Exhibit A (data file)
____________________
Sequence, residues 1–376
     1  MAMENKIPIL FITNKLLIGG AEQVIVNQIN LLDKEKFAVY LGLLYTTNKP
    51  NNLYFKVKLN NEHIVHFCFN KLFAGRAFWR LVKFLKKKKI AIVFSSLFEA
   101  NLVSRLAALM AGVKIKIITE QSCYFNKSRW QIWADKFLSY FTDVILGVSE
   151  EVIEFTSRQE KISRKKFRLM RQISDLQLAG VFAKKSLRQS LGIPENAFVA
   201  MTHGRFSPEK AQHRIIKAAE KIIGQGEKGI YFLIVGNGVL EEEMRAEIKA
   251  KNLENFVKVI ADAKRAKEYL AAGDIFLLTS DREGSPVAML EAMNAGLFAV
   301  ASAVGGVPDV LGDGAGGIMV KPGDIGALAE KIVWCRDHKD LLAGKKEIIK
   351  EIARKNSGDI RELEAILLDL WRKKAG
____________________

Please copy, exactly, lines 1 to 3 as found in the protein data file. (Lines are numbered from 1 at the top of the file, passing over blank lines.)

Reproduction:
Sequence, residues 1–376
     1  MAMENKIPIL FITNKLLIGG AEQVIVNQIN LLDKEKFAVY LGLLYTTNKP
    51  NNLYFKVKLN NEHIVHFCFN KLFAGRAFWR LVKFLKKKKI AIVFSSLFEA